Island Paradise

Island Paradise

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Harold Peto
John Annan Bryce
Nigel Everett


Nigel Everett recounts how John Annan Bryce and his architect Harold Peto transformed Garinish Island into one of the most important gardens in Europe

Garinish Island comprising thirty-seven well-sheltered and spectacularly panoramic acres in Glengarriff Bay, West Cork, first acquired national significance as part of the British government’s defences against Napoleon. A fort, barracks, and Martello Tower were built by 1805 but promptly rendered obsolete following Nelson’s victory at Trafalgar. The Cork antiquarian John Windele, writing in 1837, described the ruined fortifications of Garinish as its principal feature, ‘not unpicturesque’ and crowning a ‘rocky summit’. By this time, the peace of Garinish faced a new threat; the projected railway from Berehaven to Cork would leap across the island, newly connected to the mainland by two viaducts of seven and fourteen arches.

Nothing came of the scheme, and the peace of Garinish remained largely undisturbed until 1910, when it was acquired by John Annan Bryce (1841-1923), MP for Inverness Burghs. Born in Belfast of Scottish stock, and educated at Glasgow and Oxford, Bryce had been active in the commerce and administration of Burma and India; he participated in various expeditions, including plant-hunting, in Burma and Upper Siam, duly reported to the Royal Geographical Society. Together with his wife Violet – born in Mauritius to the evocatively named Captain Champagné L’Estrange, an RM in Co Down – Bryce had been seeking a horticulturally and picturesquely rewarding demesne for some years, making their principal base at Glengarriff Castle.

Writing to the London Times in the autumn of 1920, Bryce noted that BRITISH government forces had largely been responsible for the ‘molestation’ of loyalists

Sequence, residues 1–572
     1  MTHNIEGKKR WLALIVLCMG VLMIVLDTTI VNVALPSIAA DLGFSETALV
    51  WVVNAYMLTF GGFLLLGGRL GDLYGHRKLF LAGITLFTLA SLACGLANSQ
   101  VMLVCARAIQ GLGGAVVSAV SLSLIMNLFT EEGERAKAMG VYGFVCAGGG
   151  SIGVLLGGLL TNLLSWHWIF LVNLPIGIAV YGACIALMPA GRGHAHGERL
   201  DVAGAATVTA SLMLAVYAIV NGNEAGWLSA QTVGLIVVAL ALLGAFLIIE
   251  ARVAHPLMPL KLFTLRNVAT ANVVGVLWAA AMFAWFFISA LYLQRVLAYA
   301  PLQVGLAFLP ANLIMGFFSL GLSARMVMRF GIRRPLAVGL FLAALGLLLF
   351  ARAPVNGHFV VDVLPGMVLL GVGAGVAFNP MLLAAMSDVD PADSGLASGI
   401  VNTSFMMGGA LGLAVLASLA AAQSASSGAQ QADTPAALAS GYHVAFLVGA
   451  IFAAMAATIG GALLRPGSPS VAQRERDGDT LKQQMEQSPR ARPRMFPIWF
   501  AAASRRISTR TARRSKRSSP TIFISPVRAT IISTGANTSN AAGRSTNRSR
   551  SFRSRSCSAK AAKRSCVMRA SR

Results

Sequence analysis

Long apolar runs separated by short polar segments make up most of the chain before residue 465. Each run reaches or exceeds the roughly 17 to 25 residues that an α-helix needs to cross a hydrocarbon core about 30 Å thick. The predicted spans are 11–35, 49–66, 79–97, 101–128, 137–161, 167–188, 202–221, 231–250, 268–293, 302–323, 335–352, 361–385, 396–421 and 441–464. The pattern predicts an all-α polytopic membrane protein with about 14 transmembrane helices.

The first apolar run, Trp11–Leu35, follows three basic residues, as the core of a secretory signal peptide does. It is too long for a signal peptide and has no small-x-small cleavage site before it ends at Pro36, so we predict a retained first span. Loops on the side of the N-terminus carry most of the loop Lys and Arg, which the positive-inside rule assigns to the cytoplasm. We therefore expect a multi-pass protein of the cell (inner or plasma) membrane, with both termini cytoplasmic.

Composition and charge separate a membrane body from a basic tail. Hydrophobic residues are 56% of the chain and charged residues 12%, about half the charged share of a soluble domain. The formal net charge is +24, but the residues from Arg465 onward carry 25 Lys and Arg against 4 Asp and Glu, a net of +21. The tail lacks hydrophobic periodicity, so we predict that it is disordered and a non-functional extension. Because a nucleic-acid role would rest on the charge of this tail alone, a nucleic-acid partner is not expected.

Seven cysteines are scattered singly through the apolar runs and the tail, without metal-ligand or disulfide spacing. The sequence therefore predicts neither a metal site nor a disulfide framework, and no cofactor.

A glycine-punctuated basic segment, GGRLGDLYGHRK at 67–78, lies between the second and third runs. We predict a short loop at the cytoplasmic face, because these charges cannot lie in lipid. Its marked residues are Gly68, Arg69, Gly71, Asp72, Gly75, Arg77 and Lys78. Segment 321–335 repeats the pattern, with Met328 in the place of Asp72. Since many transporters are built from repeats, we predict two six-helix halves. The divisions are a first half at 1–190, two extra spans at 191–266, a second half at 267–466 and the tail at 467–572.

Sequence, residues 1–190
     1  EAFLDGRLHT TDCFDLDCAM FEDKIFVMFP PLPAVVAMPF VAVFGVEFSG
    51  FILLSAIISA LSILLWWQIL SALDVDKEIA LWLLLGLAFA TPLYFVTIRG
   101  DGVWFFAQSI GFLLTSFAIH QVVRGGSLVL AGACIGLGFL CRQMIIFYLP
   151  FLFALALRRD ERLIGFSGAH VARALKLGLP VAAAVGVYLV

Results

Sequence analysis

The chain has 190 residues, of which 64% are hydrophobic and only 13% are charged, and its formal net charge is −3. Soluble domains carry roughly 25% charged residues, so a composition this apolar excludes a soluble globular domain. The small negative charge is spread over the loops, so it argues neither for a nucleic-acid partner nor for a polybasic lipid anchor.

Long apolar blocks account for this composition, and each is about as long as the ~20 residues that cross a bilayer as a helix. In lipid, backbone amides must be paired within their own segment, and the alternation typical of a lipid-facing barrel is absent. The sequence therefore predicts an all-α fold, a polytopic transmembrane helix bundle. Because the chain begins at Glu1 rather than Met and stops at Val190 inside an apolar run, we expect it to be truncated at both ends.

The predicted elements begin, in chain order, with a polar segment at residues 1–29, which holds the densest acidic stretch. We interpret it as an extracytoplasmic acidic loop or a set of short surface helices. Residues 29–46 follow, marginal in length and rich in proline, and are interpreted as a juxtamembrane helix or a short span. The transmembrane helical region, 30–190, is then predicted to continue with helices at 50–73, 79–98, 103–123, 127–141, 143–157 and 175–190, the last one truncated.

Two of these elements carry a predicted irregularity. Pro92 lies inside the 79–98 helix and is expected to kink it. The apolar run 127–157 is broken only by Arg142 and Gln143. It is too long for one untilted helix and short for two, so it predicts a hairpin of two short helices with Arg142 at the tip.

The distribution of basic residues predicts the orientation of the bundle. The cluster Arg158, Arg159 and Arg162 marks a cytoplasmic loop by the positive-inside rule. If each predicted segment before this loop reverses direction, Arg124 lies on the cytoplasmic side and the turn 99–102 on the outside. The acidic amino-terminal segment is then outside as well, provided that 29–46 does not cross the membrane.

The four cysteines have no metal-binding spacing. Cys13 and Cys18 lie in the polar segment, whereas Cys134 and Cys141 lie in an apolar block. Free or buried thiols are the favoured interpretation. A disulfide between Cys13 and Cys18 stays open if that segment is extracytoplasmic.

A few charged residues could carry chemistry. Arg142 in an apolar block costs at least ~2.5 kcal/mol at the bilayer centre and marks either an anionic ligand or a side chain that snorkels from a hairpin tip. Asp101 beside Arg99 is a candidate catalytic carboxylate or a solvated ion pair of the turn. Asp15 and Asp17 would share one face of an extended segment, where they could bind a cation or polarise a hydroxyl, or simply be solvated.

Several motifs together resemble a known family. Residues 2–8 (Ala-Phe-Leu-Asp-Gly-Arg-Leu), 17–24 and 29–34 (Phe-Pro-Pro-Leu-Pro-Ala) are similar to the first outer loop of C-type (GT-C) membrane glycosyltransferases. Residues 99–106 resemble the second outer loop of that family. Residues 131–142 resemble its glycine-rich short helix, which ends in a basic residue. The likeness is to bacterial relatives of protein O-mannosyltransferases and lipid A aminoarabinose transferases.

The transformation of Garinish was mainly entrusted to Harold Peto (1844-1933), an English gentleman-architect long known to the Bryces. In 1905, Bryce and Peto undertook a tour of County Cork gardens, notably Fota. Work began in 1911, employing 100 men, with an emphasis on the planting of shelter belts – Scots, Monterey, Austrian, Mountain, and Corsican pine, birch, and Monterey cypress – and the enrichment of terrain largely consisting of rock and peaty turf. In at least one of its manifestations, the Bryces’ new mansion – designed in collaboration with the Belfast architects Young and Mackenzie – was clearly intended to be as striking as nearby Bantry House and Dunboy Castle. A seven-storey affair, standing on Windele’s ‘rocky summit’, it mixed elements of Romanesque, Italian Renaissance, and Celtic Baronial. The Martello Tower featured as a garden room, music room, and ‘Mrs. Bryce’s room’. The adjoining gardens were to reflect the Medici villas around Florence, with loggias, an ambulatory, arcades, balustrades, terraces, formal beds, stone staircases and balconies. The air of connoisseurship was to be confirmed by the use of a wide array of artefacts – they included statues, vases, fountains, iron gates, a Byzantine tomb and a sculpted stone relief described as the ‘Camerini lion’ – collected by Peto and Bryce on their various travels.